Mergers & Acquisitions
The ICCC Act also prohibits the acquisition of assets or shares of a business if the acquisition would result in a substantial lessening of competition in a market. The prohibition relates to the structure of the market rather than to the behavior in that market. Acquiring shares or assets of other business that would result in a substantial lessening of competition in a market without the approval of the ICCC is illegal.
It is prohibited by law because the acquisition of one competitor by another can have just as much serious anti-competitive consequences as arrangements that substantially lessen competition.
The ICCC Act allows the ICCC to formally approve business acquisition in specific circumstances. The processes for seeking approval are called Clearance and Authorisation; and are provided for under ss.81 and 82, respectively. The ICCC can grant a clearance (s.81) if it is satisfied that the proposed acquisition would not result in a substantial lessening of competition. Where clearance is sought, the ICCC only assesses the competition effects of the proposed acquisition.
The ICCC can also grant an authorisation (s.82) for a business acquisition that would result in a substantial lessening of competition, if it can be demonstrated to the satisfaction of the ICCC that there would be positive public benefits which would outweigh the lessening of competition.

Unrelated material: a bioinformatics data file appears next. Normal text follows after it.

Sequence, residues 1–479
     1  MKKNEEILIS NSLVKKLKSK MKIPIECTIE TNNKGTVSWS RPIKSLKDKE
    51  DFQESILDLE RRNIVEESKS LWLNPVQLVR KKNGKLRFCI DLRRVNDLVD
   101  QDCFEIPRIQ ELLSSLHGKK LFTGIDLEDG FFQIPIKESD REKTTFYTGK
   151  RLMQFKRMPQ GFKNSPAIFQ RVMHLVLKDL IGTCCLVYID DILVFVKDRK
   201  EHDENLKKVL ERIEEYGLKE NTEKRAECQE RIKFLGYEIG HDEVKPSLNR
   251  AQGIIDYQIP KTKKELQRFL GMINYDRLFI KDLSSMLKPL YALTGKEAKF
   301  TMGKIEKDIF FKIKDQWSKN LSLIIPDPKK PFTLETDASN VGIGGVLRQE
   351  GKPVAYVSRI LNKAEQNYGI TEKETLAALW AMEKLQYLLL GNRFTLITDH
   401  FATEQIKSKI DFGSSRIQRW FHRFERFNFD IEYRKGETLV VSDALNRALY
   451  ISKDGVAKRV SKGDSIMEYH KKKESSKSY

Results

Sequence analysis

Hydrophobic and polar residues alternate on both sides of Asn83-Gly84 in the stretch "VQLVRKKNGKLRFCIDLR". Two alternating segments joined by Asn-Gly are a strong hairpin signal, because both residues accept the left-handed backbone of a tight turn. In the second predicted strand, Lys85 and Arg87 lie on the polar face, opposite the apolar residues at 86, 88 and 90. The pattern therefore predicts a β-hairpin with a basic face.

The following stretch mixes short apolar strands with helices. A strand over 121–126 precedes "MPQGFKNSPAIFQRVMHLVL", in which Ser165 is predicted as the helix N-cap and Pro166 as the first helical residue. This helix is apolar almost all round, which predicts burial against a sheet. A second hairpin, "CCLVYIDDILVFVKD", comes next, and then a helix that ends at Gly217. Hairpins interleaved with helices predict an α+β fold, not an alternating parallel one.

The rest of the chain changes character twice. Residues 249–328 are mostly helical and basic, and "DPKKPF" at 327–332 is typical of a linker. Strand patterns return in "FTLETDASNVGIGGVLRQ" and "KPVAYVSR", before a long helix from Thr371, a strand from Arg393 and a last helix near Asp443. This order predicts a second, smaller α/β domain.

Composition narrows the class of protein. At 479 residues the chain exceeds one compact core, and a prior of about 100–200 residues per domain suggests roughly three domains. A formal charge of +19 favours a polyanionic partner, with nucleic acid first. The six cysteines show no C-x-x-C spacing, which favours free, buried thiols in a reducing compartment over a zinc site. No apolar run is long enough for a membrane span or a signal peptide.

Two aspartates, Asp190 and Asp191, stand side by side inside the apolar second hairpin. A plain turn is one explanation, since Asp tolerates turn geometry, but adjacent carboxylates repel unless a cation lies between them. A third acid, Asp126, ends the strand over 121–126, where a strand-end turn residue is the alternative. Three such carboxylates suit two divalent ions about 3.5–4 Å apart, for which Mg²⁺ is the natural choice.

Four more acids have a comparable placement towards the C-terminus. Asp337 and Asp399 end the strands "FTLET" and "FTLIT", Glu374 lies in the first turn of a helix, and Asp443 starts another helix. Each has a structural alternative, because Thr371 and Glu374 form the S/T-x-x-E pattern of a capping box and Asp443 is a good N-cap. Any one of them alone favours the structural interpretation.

Authorisation of business acquisition is a two staged process. The ICCC is first required to assess the competition effects of the proposed acquisition in the market, to determine whether the proposed acquisition would substantially lessening competition in the relevant market. If the ICCC is satisfied that there would not be such an adverse competitive effect, the ICCC must give a clearance for the proposed acquisition. If the ICCC is not so satisfied, it must then determine whether the acquisition will result, or will be likely to result, in such a benefit to the public that it should be permitted.
A formal approval by the ICCC would provide legal certainly to parties to an acquisition to proceed with their proposed acquisition without risking a contravention of the ICCC Act.
Businesses are encouraged to approach the ICCC for guidance, on an informal basis, as soon as there is a real likelihood that a proposed acquisition may proceed, and this should be done well before the completion of an acquisition.